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Saying Farewell

June 20, 1997. I thought I might write some words, toss some thoughts hither and yon about next year and Elfquest’s 20th anniversary and all that, but I’m plumb exhausted.

I just sold a house.

This is the place – referred to in this very issue – that Wendy and I bought back in 1983 in order to keep from tearing little strips of flesh from each other as we worked on Elfquest. Our “office away from home.” For years it served as her studio, while I ran an office out of the living-house. Then it became my office as Wendy moved her paints and brushes back into the primary domicile. Then it was home to more and more people as Warp Graphics grew. (Wendy, by this time, had found her own away-from-home studio space in town.

So on the market it went – and stayed for a year and a half. (Poughkeepsie, once upon a time, was reknowned as a hotbed of IBM activity. However, the fates and stock exchange have not been kind to the Itty Bitty Monopoly these last several years. As a result, the housing market in this part of the world has been what the experts term “soft.”) I could almost feel a sense of reproach coming from the little place when I’d let the lawn go too long without mowing, or when the gutters would get full of schmutz in the fall. “I served you long and well,” it seemed to say to me, “Now get your lazy butt over here and rake these leaves!”

Finally, an offer came in that was acceptable, and another ordeal began. Seems that when we bought the house nearly fifteen years ago, neither the town nor the banks nor anyone else felt it necessary to search out the title to see if there was anything awry. Poughkeepsie doesn’t act that way these days, and bureaucracy reigns. The town inspector turned up an outstanding building permit from 1971(!) for an enclosed back porch that had never been closed out – which means that the previous owners built the thing, but never got it inspected or approved. And of course, what might have passed muster decades ago surely wasn’t going to do so this time.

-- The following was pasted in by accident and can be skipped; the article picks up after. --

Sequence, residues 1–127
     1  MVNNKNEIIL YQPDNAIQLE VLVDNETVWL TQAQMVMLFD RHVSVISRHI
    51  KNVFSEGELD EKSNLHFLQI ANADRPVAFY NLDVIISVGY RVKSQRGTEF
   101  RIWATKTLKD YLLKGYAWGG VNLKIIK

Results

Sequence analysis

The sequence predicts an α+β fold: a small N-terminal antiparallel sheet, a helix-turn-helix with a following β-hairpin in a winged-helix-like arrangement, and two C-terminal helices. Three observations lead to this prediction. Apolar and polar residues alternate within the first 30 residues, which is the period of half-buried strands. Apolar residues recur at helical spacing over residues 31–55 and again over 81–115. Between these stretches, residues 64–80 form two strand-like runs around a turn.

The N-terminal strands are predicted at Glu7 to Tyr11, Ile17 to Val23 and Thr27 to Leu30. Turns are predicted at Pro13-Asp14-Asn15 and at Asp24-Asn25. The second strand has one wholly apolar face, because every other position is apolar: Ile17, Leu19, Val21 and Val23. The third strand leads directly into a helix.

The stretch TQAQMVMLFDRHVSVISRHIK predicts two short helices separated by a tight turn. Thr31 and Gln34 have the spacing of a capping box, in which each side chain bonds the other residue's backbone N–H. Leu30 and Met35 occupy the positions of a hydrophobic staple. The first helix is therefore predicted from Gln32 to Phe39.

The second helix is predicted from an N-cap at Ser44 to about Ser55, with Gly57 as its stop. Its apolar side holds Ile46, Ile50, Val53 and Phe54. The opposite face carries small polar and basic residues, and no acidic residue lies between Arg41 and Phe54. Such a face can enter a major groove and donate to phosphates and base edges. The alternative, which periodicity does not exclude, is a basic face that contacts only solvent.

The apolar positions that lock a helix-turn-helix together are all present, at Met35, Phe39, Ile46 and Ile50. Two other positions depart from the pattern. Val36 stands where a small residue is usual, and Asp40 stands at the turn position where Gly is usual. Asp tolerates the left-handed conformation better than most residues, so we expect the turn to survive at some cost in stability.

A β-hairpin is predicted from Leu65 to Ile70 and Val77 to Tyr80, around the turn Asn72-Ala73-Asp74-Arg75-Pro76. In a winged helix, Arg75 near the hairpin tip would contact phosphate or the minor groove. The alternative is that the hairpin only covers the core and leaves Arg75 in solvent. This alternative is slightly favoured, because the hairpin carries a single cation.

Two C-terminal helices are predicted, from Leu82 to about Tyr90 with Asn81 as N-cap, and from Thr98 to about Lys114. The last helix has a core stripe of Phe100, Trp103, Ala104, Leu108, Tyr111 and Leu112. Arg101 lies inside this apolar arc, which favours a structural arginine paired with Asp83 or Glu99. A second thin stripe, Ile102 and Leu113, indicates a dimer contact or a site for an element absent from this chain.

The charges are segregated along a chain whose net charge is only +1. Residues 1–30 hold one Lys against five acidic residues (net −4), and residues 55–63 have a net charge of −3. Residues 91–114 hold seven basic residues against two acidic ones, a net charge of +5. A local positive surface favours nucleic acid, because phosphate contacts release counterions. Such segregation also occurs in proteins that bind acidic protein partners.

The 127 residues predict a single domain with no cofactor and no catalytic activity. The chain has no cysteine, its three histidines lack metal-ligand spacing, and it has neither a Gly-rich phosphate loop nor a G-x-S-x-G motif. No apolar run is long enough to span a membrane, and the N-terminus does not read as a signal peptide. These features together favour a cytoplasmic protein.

Thus began a two-month long process of finding a contractor, scheduling the contractor, making appointments with the building inspector at each step of the way, getting the inspection reports, finding out what was wrong this time, rescheduling the contractor, calling the real estate agent to please tell the buyers that it would only be a little while longer now, field the calls from the attorneys wanting to know what the hang-up was, getting another inspection…

Of course, this was going on right smack dab while I was at my busiest, traveling all over creation. It makes me tired just to read what I’ve written!

Finally – while I was away, naturally – agents and lawyers and friends (oh my!) reached the limits of their tolerance and pushed things through – with a battering ram, I suspect. I returned from my travels to the message that the closing would be 2:30 p.m. on Friday, June 20. About four hours ago.

I got to the attorney’s office on time. Everyone was there, introductions were made, and we sat down to it. I’d forgotten how many papers have to be signed in the course of a real estate closing, but the buyers had a lot more to do than I did – they had to write a great many checks as well. I felt for them.

Closings take, on average, an hour. This one was humming along beautifully, and we were done in forty-five minutes. Almost. There was just one tiny little bit of bureaucratese that needed attention – some amendment to some town law or other that required some sign-off on some flipping thing. And that part took another hour and a half, as we waited for people to make phone calls, for faxes to sail back and forth, and for most of us in the conference room to become severely bored. (You know a process is in trouble when people begin to take great fascination with staplers and ball-point pen mechanisms.)

Perversity got the better of me, and I opted to try to read some tiny bit of the nearly 1,000 books of New York State law that lined the walls… Crikey! When did we become such a detail-ridden society?! I was reminded, as I looked at the century-old engravings of previous presidents hanging here and there, that once upon a time, you bought or sold a house with a minimum of documentation, handwritten in fine calligraphy, on a single sheet of good paper.

When did the choking mist of minuscule detail come to obscure the landscape? One miserable little piece of paper we needed, and yet it held ten people hostage in a room for hours. I think a lot of people in positions of authority have way too much time on their hands…

At last it was done, though, and I could say good-bye to the place. Closure.

That is, as soon as I deal with the capital gain issue with the appropriate federal, state and local honchos, and take care of some related paperwork at my local bank, and of course answer the question of who gets what taxes when, and take care of all the people who did work on the house to make it all nice and presentable, and…

Shade and Sweet Water!

Richard Pini

 


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